Seeing the unseeable: humanity’s first image of a black hole

Yesterday, the Event Horizon Telescope collaboration released the first image of a black hole humanity has ever seen. That simple-looking image represents a century of scientific work: from the first theoretical calculations describing black holes; to the earliest hints that every large galaxy contains a supermassive black hole at its heart; to the technological advances needed to network a world-spanning array of radio telescopes. When I was in college and graduate school, many people thought this very thing was impossible — I know I did. I am happy to say I was wrong then, and this picture of the 6.5 billion solar-mass black hole at the heart of the galaxy M87 is the most thrilling image of my scientific and science-writing career thus far.

the black hole at the center of the M87 galaxy, as seen by the Event Horizon Telescope

The first image humanity has ever captured of a black hole: the supermassive black hole at the heart of the M87 galaxy. [Credit: Event Horizon Telescope]

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The incredible story behind our first image of a black hole

For the first time ever, scientists have captured a direct image of a black hole. The image, captured by the Event Horizon Telescope, allows us to see something that was thought to be invisible


A black hole is invisible by nature. One of the strangest predictions to come out of Albert Einstein’s theory of general relativity, a black hole emits no radiation we can detect, and it swallows up everything that falls on it, matter and light alike. The boundary of a black hole — its event horizon — is a border that can only be crossed from the outside to the inside, not in reverse.

So it might seem paradoxical to talk about capturing an image of a black hole, but this is precisely the mission of the Event Horizon Telescope (EHT). Today, April 10, 2019, will go down in history as the day EHT scientists released the very first direct image of a black hole.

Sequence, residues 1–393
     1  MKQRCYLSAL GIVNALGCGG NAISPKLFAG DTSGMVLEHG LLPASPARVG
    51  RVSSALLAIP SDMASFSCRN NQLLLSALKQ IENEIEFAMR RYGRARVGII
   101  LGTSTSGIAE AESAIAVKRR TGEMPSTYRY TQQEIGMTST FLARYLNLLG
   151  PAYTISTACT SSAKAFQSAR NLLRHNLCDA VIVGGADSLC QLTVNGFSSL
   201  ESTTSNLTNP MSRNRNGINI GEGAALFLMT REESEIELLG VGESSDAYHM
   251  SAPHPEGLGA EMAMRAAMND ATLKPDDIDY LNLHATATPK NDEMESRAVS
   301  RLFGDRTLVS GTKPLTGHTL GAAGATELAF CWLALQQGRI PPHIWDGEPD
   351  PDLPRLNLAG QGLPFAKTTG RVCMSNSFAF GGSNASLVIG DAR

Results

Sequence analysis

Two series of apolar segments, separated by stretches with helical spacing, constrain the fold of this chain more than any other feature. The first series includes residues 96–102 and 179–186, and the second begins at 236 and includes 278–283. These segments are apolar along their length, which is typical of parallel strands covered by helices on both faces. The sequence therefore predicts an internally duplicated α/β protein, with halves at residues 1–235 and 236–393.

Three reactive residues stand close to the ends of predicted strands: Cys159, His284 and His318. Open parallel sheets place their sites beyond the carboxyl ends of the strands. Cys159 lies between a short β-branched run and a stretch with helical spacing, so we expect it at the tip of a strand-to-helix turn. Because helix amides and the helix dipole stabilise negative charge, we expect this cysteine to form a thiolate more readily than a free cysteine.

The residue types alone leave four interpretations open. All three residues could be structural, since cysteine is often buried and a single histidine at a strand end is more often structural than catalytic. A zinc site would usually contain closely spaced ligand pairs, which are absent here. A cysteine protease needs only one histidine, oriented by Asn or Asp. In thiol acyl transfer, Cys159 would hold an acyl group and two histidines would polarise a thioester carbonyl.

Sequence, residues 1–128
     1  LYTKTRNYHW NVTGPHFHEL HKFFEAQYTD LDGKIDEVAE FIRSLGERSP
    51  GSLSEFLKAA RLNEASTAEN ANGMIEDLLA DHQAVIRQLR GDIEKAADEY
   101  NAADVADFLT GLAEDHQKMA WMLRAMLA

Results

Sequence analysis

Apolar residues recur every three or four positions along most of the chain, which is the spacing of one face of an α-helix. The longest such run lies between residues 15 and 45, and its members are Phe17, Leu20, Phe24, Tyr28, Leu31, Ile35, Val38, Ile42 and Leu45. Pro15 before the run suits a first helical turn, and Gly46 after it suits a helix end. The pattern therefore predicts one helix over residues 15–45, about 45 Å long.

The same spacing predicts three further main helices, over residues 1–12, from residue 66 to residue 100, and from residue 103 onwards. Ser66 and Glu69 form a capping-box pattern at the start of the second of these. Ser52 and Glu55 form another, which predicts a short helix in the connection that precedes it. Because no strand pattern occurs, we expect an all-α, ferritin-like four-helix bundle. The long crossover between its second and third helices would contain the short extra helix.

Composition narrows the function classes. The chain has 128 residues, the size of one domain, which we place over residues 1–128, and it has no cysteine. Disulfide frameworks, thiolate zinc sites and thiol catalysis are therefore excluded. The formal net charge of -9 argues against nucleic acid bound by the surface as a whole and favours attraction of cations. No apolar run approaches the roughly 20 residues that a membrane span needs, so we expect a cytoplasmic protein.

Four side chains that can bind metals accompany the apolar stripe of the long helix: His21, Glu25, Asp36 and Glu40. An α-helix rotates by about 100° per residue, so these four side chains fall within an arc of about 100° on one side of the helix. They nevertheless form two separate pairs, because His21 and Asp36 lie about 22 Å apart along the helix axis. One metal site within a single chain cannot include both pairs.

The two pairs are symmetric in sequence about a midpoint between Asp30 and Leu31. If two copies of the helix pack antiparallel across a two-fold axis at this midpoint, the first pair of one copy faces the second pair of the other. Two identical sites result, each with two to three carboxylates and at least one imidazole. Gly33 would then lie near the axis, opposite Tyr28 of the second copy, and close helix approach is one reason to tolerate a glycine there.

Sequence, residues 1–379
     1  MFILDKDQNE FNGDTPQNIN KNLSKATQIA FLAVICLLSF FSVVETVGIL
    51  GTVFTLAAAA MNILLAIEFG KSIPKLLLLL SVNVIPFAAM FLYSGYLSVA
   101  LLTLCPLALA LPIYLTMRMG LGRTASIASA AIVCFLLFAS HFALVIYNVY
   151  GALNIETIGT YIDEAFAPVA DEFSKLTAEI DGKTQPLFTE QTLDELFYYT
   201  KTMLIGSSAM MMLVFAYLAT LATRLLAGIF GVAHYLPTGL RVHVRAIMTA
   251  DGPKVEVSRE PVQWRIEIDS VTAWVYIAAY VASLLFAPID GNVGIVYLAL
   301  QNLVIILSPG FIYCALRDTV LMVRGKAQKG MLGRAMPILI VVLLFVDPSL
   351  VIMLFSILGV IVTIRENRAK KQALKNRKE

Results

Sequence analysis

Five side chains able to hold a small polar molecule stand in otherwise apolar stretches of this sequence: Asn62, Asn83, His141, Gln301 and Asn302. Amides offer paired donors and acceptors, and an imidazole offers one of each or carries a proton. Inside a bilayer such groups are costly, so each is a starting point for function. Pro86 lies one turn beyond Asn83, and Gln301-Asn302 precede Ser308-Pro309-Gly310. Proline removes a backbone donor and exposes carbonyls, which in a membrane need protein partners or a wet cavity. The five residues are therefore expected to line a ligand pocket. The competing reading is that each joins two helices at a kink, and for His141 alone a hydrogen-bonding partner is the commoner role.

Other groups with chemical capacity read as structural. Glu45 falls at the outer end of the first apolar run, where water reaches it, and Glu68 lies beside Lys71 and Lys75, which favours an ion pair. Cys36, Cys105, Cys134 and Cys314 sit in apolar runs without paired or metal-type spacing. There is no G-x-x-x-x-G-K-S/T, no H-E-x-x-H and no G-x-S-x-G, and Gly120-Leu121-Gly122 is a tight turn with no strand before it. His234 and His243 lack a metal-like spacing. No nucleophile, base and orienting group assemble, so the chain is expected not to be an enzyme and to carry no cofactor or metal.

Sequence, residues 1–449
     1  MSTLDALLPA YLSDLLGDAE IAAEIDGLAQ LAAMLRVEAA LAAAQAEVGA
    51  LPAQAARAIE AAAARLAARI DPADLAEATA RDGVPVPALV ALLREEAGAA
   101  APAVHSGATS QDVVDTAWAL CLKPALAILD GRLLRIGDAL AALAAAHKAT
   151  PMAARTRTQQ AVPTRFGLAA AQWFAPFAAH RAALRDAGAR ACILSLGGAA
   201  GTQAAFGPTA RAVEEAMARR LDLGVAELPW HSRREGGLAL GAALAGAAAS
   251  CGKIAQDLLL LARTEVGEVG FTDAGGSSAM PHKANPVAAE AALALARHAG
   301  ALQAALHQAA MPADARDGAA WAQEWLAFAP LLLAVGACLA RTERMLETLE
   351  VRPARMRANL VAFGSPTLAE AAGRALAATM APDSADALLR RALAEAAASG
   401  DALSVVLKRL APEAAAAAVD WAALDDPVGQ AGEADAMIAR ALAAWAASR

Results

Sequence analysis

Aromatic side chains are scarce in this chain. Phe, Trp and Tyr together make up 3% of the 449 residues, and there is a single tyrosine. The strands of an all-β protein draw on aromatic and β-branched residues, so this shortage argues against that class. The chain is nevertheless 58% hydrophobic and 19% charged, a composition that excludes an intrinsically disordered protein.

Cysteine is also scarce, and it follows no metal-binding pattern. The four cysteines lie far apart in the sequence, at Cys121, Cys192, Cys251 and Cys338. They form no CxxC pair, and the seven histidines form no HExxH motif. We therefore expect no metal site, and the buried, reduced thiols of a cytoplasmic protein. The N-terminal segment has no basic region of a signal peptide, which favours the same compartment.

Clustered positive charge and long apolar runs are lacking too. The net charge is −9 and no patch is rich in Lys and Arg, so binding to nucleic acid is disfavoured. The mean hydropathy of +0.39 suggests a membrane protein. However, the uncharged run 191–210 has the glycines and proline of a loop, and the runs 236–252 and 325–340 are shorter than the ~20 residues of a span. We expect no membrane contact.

It’s not one in our own Galactic centre, but is at the centre of the galaxy M87 – a resident of the neighbouring Virgo galaxy cluster, which is the home of several trillion stars. The feat marks the first time in history that astronomers have seen the shape of an event horizon. It’s an unprecedented map of gravity at its strongest, involving hundreds of astronomers, engineers, and data scientists from around the world.

[Read the rest at WIRED UK…]

Om nom nom: a black hole ate a star and left crumbs for us to see

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And if I can be shameless: Forbes pays according to traffic, so the more of you who click on the link below and read my stuff, the better they pay me. Ahem.

A Black Hole Ate A Star And Left Crumbs Of Light For Astronomers To Discover

colliding galaxies Arp 299

The colliding galaxies Arp 299, as seen in visible light (the background) and X-rays (red, green, and blue foreground). [Credit: NASA, JPL-Caltech, GSFC, Hubble, NuSTAR]

For Forbes:

Astronomers captured the last moments of an unlucky star that got too close to a black hole. However, they didn’t know that’s what we were seeing right away, because the whole scene of carnage was hidden by clouds of gas and dust. Now, with multiple types of observations and more than ten years of data, we have new insights into the way black holes shred stars, as reported in a new paper in Science.

Black holes, like Cookie Monster, are notoriously messy eaters. That’s good for astronomers, though, because the cosmic crumbs a black hole spills during its meal emit a lot of light. If a star gets too close to a black hole, the gravity tears it to pieces in an act known as “tidal disruption”, but only part of the star’s material actually falls in. (This is a more extreme version of the same forces that raise tides on Earth, and which destroyed a small moon to create Saturn’s rings.) The rest of the star gets channeled into a powerful jet that streams away from the black hole back into space.

[Read the rest at Forbes…]

A multitude of faint and fluffy galaxies

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Scientists Discover Hundreds of Hidden Galaxies

The new type of faint, fluffy galaxy might help resolve a cosmological conundrum

For The Daily Beast: